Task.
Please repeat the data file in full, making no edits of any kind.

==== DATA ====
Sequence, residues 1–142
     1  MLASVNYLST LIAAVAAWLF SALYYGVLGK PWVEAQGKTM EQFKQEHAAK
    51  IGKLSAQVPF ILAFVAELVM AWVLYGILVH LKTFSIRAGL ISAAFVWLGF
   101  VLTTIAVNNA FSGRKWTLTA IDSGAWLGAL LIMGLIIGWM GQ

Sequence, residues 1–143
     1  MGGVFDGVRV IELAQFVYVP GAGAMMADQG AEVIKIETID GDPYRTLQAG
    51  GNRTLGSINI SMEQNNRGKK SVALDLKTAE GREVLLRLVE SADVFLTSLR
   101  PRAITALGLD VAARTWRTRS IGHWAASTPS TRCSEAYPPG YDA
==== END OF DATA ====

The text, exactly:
Sequence, residues 1–142
     1  MLASVNYLST LIAAVAAWLF SALYYGVLGK PWVEAQGKTM EQFKQEHAAK
    51  IGKLSAQVPF ILAFVAELVM AWVLYGILVH LKTFSIRAGL ISAAFVWLGF
   101  VLTTIAVNNA FSGRKWTLTA IDSGAWLGAL LIMGLIIGWM GQ

Sequence, residues 1–143
     1  MGGVFDGVRV IELAQFVYVP GAGAMMADQG AEVIKIETID GDPYRTLQAG
    51  GNRTLGSINI SMEQNNRGKK SVALDLKTAE GREVLLRLVE SADVFLTSLR
   101  PRAITALGLD VAARTWRTRS IGHWAASTPS TRCSEAYPPG YDA